On June 29, Megan Smith, a Boise State University senior majoring in Environmental and Occupational Health gave a thirty-minute podium presentation entitled, “Carbon Monoxide Exposures Associated with the Operation of Recreational Watercraft” at the National Environmental Health Association’s 76th Annual Education Conference in San Diego, Calif.
Smith presented findings from a larger research effort supervised by Dale Stephenson, chair of the Department of Community and Environmental Health and director of both the Environmental and Occupational Health program and the Center for Excellence for Environmental Health and Safety. Smith and Stephenson’s work was funded by a grant from the College of Health Sciences Office of External Funding.
Smith’s presented findings related to an important public health concern – preventing poisoning and fatalities from carbon monoxide (CO) emitted from recreational water-craft such as houseboats, ski and fishing boats, and jet skis. Because such watercraft often operate in an outdoor setting with seemingly adequate ambient ventilation, many people are unaware of the potential for CO concentrations to reach hazardous levels. Over the last two decades, however, there have been approximately 660 poisonings and 150 deaths in the U.S. related to these types of CO exposures.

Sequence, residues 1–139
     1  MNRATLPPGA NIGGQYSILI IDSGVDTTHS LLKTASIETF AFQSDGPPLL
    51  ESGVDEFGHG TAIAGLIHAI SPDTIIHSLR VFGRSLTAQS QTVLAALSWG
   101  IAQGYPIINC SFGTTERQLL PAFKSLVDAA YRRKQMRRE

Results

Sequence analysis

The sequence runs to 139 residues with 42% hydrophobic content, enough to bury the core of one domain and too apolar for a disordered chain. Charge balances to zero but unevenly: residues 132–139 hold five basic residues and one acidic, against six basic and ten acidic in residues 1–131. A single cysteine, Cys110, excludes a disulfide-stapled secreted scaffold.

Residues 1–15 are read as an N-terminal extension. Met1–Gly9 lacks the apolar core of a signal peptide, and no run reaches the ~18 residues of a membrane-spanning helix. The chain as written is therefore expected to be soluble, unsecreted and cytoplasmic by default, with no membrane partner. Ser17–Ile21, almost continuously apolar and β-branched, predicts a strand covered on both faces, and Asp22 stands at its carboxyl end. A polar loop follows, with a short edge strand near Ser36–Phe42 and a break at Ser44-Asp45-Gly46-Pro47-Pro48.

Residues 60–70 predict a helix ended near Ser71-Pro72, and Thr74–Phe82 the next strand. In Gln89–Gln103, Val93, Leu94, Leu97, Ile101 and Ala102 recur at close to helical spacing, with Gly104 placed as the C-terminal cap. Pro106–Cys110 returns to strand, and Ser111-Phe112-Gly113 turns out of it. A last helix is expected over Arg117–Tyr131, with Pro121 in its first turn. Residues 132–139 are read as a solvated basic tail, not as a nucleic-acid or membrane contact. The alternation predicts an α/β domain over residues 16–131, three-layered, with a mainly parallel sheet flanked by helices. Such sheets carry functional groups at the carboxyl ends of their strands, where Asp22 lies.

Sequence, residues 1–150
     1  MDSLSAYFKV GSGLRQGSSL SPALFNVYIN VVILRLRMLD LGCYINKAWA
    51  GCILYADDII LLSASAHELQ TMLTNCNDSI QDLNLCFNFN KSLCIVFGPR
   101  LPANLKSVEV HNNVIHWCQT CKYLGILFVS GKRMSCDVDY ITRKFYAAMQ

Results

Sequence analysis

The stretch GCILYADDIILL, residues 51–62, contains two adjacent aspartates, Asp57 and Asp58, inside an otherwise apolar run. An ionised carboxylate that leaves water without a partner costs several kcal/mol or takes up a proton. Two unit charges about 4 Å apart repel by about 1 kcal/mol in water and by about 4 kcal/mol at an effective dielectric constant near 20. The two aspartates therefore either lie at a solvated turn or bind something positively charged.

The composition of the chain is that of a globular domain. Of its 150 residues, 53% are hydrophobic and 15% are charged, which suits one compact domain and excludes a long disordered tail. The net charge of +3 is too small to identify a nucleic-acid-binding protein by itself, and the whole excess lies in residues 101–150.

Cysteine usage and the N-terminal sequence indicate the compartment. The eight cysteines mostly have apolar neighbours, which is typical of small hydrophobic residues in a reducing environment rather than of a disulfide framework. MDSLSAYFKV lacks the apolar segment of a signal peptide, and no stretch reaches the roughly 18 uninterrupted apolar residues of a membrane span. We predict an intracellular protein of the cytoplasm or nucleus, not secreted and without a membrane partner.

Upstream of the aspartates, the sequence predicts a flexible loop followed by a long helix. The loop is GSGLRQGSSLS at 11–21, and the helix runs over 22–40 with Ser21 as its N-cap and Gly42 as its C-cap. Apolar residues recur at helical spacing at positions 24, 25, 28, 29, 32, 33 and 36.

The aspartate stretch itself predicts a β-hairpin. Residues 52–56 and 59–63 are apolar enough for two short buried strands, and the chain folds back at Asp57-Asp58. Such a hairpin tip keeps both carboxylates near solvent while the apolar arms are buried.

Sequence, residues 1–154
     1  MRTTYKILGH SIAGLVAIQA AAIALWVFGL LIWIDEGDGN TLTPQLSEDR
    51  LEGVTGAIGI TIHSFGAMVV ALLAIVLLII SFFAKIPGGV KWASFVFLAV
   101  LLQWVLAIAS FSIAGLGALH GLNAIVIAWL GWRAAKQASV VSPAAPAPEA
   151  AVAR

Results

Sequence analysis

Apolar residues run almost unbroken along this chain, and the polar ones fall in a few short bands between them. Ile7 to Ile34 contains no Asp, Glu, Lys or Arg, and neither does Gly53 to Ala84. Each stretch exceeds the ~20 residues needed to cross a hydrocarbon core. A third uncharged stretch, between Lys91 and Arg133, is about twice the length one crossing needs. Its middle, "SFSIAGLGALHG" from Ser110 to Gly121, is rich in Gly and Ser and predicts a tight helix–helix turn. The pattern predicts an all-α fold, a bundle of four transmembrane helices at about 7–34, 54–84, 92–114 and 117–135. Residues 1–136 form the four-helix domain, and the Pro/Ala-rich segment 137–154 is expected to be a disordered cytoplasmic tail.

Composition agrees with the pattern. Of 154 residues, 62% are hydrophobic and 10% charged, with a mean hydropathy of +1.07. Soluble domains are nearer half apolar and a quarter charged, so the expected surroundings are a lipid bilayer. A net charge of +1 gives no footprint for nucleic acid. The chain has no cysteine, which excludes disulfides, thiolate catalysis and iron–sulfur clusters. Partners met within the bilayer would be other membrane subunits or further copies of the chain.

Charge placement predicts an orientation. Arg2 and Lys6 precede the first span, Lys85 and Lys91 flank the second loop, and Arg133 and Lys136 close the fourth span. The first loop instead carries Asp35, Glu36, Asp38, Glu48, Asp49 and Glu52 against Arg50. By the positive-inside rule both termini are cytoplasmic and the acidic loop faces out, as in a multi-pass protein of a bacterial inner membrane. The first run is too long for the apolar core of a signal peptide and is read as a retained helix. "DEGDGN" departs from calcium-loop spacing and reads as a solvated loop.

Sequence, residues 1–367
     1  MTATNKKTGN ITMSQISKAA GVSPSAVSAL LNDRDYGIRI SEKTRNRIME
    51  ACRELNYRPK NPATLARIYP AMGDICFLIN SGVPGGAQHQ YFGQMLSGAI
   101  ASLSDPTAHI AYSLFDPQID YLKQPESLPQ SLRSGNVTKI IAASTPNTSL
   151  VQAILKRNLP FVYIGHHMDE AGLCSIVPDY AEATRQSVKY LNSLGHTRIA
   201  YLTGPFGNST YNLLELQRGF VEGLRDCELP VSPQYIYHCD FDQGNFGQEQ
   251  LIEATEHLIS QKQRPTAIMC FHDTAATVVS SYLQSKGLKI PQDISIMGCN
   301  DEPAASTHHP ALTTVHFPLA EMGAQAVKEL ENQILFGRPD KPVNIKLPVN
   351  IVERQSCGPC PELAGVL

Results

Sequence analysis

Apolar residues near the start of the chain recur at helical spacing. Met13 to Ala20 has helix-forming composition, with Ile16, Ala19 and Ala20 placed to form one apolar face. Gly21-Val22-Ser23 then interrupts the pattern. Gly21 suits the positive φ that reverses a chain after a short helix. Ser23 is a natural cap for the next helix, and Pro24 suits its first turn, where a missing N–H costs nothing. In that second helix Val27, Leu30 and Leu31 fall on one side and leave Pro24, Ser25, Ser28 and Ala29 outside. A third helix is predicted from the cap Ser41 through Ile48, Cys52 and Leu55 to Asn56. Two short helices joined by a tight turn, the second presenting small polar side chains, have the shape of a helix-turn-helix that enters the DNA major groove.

The research Smith presented shows that CO concentrations encroached and exceeded exposure thresholds established by the World Health Organization and the National Institute for Occupational Safety and Health. Such findings suggest a need for greater awareness of these hazards among environmental health practitioners and the need for enhanced administrative and engineering controls aimed at reducing human exposures to this hazardous combustion by-product.
For more information on this ongoing research effort, please contact Dr. Dale Stephenson (firstname.lastname@example.org; (208) 426-3795). For helpful information on the hazards of CO in recreational water-craft generally, please see the CDC’s webpage on this topic.